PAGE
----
India on Wednesday successfully flight-tested the air variant of BrahMos supersonic cruise missile from a Sukhoi SU-30MKI fighter jet to hit a sea-based target in the Bay of Bengal, completing the country's tactical cruise missile triad.
This was the first test of the missile's air version against a target.
The heavyweight missile, integrated with the long-range fighter, is seen as a force multiplier for the Indian Air Force.
BrahMos, the world's "fastest supersonic cruise missile with a multi-platform, multi-mission role, is now capable of being launched from land, sea and air," a Defence Ministry statement said in New Delhi.
"BrahMos created history on November 22 after it was successfully flight-tested for the first time from the IAF frontline fighter aircraft Sukhoi-30MKI against a sea-based target in the Bay of Bengal," the statement said.
Earlier, Defence Minister Nirmala Sitharaman tweeted that the missile had been successfully tested. She congratulated the DRDO and Team BrahMos.
After being gravity dropped from the Su-30, the two-stage missile's engine fired up and straightway propelled it toward the intended target.
"The successful maiden test-firing of BrahMos Air Launched Cruise Missile (ALCM) from Su-30MKI will significantly bolster the IAF's air combat capability from stand-off ranges.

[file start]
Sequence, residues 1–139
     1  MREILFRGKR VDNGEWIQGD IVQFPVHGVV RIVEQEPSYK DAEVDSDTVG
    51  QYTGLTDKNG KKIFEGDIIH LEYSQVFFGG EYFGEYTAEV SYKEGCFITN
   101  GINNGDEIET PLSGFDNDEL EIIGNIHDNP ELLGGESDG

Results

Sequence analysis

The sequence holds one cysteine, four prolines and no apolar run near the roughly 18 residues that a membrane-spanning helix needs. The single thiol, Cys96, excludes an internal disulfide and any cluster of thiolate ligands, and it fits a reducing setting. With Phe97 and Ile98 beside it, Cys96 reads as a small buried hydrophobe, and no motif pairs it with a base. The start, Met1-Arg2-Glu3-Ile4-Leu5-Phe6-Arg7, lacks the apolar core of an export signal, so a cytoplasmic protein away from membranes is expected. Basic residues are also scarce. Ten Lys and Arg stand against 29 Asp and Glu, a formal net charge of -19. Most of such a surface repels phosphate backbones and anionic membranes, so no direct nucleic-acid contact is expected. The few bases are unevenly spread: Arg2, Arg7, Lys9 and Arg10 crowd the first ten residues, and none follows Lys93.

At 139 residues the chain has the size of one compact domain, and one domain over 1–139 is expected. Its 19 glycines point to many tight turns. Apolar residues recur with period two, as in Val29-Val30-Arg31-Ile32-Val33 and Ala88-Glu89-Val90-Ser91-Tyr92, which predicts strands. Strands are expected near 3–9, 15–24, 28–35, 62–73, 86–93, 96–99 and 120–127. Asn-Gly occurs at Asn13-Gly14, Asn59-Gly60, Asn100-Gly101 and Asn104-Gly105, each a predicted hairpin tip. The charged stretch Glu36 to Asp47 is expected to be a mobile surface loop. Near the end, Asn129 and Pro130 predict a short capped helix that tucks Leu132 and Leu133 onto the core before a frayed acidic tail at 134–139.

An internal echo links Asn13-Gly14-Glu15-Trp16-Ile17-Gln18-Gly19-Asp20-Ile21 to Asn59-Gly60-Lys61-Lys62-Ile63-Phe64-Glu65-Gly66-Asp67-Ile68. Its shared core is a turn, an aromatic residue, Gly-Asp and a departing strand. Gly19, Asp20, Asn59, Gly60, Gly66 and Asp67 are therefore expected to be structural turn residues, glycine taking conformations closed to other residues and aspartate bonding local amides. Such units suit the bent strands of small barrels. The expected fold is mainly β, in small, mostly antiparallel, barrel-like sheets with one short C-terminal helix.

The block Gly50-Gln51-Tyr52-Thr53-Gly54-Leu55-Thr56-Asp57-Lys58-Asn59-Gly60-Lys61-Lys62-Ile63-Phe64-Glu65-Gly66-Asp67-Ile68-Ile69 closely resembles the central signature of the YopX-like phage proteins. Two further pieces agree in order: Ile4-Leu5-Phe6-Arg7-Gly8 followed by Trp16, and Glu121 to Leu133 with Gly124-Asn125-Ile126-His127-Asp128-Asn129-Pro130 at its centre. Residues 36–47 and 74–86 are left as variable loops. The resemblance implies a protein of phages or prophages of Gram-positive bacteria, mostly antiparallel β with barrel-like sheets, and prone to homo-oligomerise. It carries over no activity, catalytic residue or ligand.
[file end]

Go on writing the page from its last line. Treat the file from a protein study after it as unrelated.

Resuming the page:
"BrahMos ALCM, weighing 2.5 tonnes, is the heaviest weapon to be deployed on India's Su-30 aircraft, modified by Hindustan Aeronautical Ltd to carry weapons," the statement said.
The missile test was witnessed by Sudhir Mishra, Director General (BrahMos), and CEO and MD, BrahMos Aerospace, along with IAF officials, scientists and officials from DRDO and BrahMos.
BrahMos is a joint venture between the Defence Research and Development Organisation of India and NPOM of Russia.
The Su-30, considered the most potent fighter jet with India, was the choice for fitting the Brahmos missile as it has an airframe of titanium and high-strength aluminium alloys, fit for a high-speed terrain following profile.
The fighter jet's aerodynamic configuration increases the aircraft's lifting effectiveness, deflects automatically and allows high angle-of-attack flights.
The integral aerodynamic configuration combined with thrust vectoring results in practically unlimited manoeuvrability and unique take-off and landing characteristics.
According to informed sources, the modification to the fighter includes hardened electronic circuitry to shield it from the electromagnetic pulse of a nuclear blast.
Along with the aircraft, the missile was also modified to make it carry a reduced booster and fins for stability.
The missile can be released from a height of 500 to 14,000 metres (1,640 to 46,000 feet). After release, the missile falls freely for 100-150 metres, then moving into a cruise phase at 14,000 metres and finally the terminal phase at 15 metres.
The air variant of the missile is lighter than its sea and land counterparts.